18 Jun 2024
 | 18 Jun 2024
Status: this preprint is open for discussion.

Probabilistic projections of the Amery Ice Shelf catchment, Antarctica, under high ice-shelf basal melt conditions

Sanket Jantre, Matthew J. Hoffman, Nathan M. Urban, Trevor Hillebrand, Mauro Perego, Stephen Price, and John D. Jakeman

Abstract. Antarctica's Lambert Glacier drains about one-sixth of the ice from the East Antarctica Ice Sheet and is considered stable due to the strong buttressing provided by the Amery Ice Shelf. While previous projections of the sea-level contribution from this sector of the ice sheet have predicted significant mass loss only with near complete removal of the ice shelf, the ocean warming necessary for this was deemed unlikely. Recent climate projections through 2300 indicate that sufficient ocean warming is a distinct possibility after 2100. This work explores the impact of parametric uncertainty on projections of the Lambert-Amery system's (hereafter "Amery sector") response to abrupt ocean warming through Bayesian calibration of a perturbed-parameter ice-sheet model ensemble. We address the computational cost of uncertainty quantification for ice-sheet model projections via statistical emulation, which employs surrogate models for fast and inexpensive parameter space exploration while retaining critical features of the high-fidelity simulations. To this end, we build Gaussian process (GP) emulators from simulations of the Amery sector at medium resolution (4–20 km mesh) using the MPAS-Albany Land Ice (MALI) model. We consider six input parameters that control basal friction, ice stiffness, calving, and ice-shelf basal melting. From these, we generate 200 perturbed input parameter initializations using space-filling Sobol sampling. For our end-to-end probabilistic modeling workflow, we first train emulators on the simulation ensemble then calibrate the input parameters using observations of the mass balance, grounding line movement, and calving front movement with priors assigned via expert knowledge. Next, we use MALI to project a subset of simulations to 2300 using ocean and atmosphere forcings from a climate model for both low and high greenhouse gas emissions scenarios. From these simulation outputs, we build multivariate emulators by combining GP regression with principal component dimension reduction to emulate multivariate sea-level contribution time series data from the MALI simulations. We then use these emulators to propagate uncertainty from model input parameters to predictions of glacier mass loss to 2300, demonstrating that the calibrated posterior distributions have both greater mass loss and reduced variance than the uncalibrated prior distributions. Parametric uncertainty is large enough through about 2130 that the two projections under different emissions scenarios are indistinguishable from one another. However, after rapid ocean warming in the first half of the twenty-second century, the projections become statistically distinct within decades. Overall, this study demonstrates an efficient Bayesian calibration and uncertainty propagation workflow for ice-sheet model projections and identifies the potential for large sea-level rise contributions from the Amery sector of the Antarctic Ice Sheet after 2100 under high greenhouse gas emission scenarios.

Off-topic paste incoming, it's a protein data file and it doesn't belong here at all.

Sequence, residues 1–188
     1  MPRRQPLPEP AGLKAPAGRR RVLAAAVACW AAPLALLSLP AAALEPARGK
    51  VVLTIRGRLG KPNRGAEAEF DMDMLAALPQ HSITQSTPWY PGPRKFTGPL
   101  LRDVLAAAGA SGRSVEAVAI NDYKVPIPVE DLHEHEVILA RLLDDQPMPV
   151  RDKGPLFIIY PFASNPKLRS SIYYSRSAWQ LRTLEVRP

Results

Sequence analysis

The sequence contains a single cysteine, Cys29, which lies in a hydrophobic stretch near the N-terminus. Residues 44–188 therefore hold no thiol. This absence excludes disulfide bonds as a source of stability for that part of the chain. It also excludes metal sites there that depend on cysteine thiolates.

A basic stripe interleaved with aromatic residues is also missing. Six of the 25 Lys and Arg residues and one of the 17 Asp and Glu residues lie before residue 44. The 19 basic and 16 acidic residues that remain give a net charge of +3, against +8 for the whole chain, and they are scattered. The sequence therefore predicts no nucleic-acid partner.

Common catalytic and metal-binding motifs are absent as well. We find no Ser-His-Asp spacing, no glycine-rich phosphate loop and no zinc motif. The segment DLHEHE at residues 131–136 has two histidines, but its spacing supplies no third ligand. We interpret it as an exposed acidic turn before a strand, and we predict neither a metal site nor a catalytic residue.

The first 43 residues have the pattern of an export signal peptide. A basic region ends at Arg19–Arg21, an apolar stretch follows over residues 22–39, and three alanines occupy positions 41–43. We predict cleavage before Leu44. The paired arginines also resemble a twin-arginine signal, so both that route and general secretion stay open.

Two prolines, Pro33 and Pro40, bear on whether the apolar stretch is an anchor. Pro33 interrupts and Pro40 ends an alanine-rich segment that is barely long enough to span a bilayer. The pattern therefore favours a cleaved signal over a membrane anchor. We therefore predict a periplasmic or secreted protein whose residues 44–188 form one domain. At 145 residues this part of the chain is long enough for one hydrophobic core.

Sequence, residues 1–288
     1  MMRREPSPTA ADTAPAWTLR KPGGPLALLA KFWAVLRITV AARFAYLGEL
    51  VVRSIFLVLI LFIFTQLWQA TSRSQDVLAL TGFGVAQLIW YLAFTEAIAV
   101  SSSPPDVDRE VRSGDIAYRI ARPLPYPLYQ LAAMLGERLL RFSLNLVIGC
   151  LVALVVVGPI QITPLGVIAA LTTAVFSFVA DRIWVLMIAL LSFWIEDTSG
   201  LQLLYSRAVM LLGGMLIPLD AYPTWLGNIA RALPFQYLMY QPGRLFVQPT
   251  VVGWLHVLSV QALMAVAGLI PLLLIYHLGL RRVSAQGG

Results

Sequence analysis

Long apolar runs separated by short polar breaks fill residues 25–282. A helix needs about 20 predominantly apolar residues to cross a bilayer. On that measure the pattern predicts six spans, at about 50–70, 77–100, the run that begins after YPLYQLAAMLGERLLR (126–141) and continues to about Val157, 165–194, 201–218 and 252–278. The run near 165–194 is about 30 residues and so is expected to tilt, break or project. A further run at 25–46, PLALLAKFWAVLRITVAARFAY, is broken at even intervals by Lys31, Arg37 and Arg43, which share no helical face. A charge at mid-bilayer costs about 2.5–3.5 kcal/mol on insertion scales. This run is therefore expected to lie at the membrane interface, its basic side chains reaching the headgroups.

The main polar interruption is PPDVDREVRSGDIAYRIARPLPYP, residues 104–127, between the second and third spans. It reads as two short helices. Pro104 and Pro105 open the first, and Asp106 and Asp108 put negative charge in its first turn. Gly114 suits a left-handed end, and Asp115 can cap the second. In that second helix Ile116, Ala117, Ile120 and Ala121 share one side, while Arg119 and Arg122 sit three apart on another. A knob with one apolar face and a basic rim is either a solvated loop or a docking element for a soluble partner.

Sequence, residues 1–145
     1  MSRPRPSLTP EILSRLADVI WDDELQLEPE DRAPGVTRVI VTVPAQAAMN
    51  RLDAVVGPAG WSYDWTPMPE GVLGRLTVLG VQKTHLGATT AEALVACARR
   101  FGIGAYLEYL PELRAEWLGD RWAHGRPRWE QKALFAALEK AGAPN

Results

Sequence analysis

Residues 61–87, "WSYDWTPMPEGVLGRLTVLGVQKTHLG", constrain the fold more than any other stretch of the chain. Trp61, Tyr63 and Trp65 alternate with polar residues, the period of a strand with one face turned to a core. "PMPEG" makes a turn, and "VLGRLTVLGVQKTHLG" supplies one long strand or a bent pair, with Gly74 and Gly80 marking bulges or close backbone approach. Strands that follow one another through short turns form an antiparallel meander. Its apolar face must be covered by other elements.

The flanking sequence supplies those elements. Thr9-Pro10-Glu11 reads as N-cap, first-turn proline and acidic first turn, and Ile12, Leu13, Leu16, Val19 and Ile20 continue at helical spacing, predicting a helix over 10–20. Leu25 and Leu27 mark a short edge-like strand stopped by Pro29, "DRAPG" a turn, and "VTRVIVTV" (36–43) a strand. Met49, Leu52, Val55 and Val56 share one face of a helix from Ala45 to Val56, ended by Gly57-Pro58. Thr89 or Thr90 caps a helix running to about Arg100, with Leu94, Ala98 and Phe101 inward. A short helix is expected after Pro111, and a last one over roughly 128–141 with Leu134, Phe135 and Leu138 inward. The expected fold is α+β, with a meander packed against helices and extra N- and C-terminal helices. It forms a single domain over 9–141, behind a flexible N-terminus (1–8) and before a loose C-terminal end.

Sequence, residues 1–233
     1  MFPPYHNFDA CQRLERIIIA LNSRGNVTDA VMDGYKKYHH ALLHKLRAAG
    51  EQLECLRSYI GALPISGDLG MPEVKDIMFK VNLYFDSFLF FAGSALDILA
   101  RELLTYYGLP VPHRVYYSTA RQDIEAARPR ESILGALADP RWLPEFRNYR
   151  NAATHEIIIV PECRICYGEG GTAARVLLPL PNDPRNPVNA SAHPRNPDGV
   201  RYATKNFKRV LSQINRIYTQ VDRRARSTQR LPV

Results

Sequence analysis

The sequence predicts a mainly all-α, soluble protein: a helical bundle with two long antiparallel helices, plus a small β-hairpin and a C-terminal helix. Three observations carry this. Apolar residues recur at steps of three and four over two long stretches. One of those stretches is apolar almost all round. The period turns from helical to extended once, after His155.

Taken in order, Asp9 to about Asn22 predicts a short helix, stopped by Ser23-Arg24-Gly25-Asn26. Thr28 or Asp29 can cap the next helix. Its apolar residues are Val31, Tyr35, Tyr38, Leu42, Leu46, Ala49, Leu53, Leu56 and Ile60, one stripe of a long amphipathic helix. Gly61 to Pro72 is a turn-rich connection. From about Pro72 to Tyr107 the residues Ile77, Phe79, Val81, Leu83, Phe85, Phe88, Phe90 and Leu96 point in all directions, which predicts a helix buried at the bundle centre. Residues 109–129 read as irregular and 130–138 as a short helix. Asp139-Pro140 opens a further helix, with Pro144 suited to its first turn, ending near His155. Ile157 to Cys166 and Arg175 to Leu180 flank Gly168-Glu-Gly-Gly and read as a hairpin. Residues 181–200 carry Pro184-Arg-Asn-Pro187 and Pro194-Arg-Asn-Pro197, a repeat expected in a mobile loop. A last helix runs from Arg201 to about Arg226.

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Sanket Jantre, Matthew J. Hoffman, Nathan M. Urban, Trevor Hillebrand, Mauro Perego, Stephen Price, and John D. Jakeman

Status: open (until 30 Jul 2024)

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  • RC1: 'Comment on egusphere-2024-1677', Anonymous Referee #1, 20 Jul 2024 reply
Sanket Jantre, Matthew J. Hoffman, Nathan M. Urban, Trevor Hillebrand, Mauro Perego, Stephen Price, and John D. Jakeman
Sanket Jantre, Matthew J. Hoffman, Nathan M. Urban, Trevor Hillebrand, Mauro Perego, Stephen Price, and John D. Jakeman


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Short summary
We investigate potential sea-level rise from Antarctica's Lambert Glacier, previously thought stable but now at risk from ocean warming by 2100. Combining statistical methods with limited supercomputer simulations, we calibrated our ice-sheet model using three observables. We find that under high greenhouse gas emissions, glacier retreat could raise sea levels by 46 to 133 mm by 2300. This study highlights the need to improve observations to reduce uncertainty in ice-sheet model projections.